February 4 | Dreams of Our Youth, Calling of Our Community

Dreams of Our Youth, Calling of Our Community
Text: Genesis 37:1-28
Speaker: Joel Miller

Let’s talk about dreams.  Dreams, let’s face it, can be pretty weird.  They’re usually this bizarre collection of people and places.    If we remember them at all, it’s often for how strange they are.    

Sometimes dreams can be vivid.  Maybe one scene in particular, or even just one thing someone says or does in a dream can stick with us for days or even years. 

People have been dreaming for a very, very long time.  And for just as long, we’ve wondered what these dreams of ours can mean, if anything.  In the ancient world, dreams were often seen as a way of receiving messages from the gods. 

Closer to our time, there was a psychologist by the name of Carl Jung who understood dreams as a window into the unconscious.  That’s the part of reality we’re not aware of, but which wants to be known.  Carl Jung used the analogy of a ship on a great sea.  The ship is our consciousness – our awareness of things within us and around us.  And the great sea is the unconscious – all those things within us and around us we’re not aware of.  We may think we’re in control of this ship, but that sea has a pretty big influence on how the journey goes, and whether we get where we think we want to go.  And, even though we can’t see very far below the surface, there can be a lot of treasurers down there, and maybe a few monsters, IF we’re willing to take the dive.  Paying attention to our dreams, Carl Jung wholeheartedly believed, is like paying attention to that vast sea.

I confess I’ve started more than one dream journal with the goal of recording every dream I can remember, searching for insight into that ocean, but am yet to find a consistent way to fit it into my morning routine. 

Dreams can also happen during the day.  Another way we dream is in that hoped for future for ourselves or our community.  Most famously in the United States, Martin Luther King Jr. declared his dream of racial justice.  That dream hasn’t been fully realized, but it’s such a powerful idea we still talk about it.  When Ila and I were in Washington, DC three weeks ago, on MLK Day, we made sure to walk up the steps of the Lincoln Memorial and stand where Dr. King gave that speech.  The Lincoln Memorial itself is a tribute to the dream of that President during our country’s Civil War.  Abraham Lincoln’s dream, in his own words, was that “a government of the people, by the people, for the people (would) not perish from the earth.”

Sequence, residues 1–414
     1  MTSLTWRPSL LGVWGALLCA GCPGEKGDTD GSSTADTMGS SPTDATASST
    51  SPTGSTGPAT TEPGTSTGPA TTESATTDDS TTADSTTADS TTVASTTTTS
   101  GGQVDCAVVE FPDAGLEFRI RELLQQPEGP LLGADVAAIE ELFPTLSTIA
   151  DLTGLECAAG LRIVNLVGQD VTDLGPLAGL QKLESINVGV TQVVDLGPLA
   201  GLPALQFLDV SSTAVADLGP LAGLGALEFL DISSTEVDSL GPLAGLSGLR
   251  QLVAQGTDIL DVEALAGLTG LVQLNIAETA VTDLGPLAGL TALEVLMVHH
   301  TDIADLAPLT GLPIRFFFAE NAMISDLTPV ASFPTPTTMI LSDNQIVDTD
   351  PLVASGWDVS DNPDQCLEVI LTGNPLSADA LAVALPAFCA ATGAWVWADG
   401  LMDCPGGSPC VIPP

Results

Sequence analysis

Sometimes dreams are bizarre.  Sometimes they can show us something we hadn’t been aware of before.  And sometimes they’re so important we etch them in stone in a memorial. We make special days of the year to remind ourselves and our children about the dream.  Sometimes one person’s dream is important for everyone. 

In today’s scripture reading, dreams play a big role.  Also, this is one of the few stories in the Bible that features a non-adult.  Joseph is 17 years old, but he could just as easily be 12. 

Joseph has a lot of older brothers – 10 – and 1 older sister we know about, Dinah, who doesn’t show up in this story.  Lucky for Joseph – maybe – he’s the favorite of their father Jacob.  That’s what Genesis says: “Now Jacob loved Joseph more than any other of his children.”  Just in case there was any doubt, Jacob gives Joseph, and only Joseph, a long colorful sleeved robe.  It’s kind of like giving him a t-shirt that says “I’m dad’s favorite.”  And of course he wears it every day.

Here’s where the dreams come in.  Joseph has two dreams, both with vivid imagery from the everyday world of their sheep herding family.  In the first, Joseph and his brothers are out in the field, binding together sheaves of grain.  Suddenly, Joseph’s sheaf stands up tall, and the brothers sheaves circle ‘round, and bow down to Joseph.  The second dream is similar, except it includes symbols for his father and mother, the sun and moon, along with the stars, bowing down to Joseph’s star.

Before we make Joseph our least-favorite brother, or write him off as completely arrogant and self-centered, let’s dive beneath the surface a bit and see what might be going on in these murky waters. 

When you’re young, and even when you’re old, but especially when you’re young, the world is a big place.  The world is unfathomably big, and we are small.  This is a cold hard fact of existence.  And when we learn it, it can be overwhelming. 

But we have this amazing thing we’re able to do.  We’re able to dream. 

When I was your age, I was a big fan of the Cincinnati Reds baseball team.  And I played baseball.  So of course, I would imagine myself sometimes as my favorite Reds players.  Like Eric Davis – homerun hitter, base stealer, and Barry Larkin – can’t get a ball by him at shortstop.  They were big.  When they did their thing, thousands and thousands of people would cheer them on.  I guess there’s a reason we call them stars.  The sun and the moon bow down.  

1990, when I was 12 years old, was a great year to be a Reds fan.  They went to the World Series to see who was the best of the best, and they won.  And not only did the Reds win, but I won with them.  I watched those VHS tape highlights so many times, I probably wore out the tape – and you probably have no idea what I’m talking about.  I felt big every time.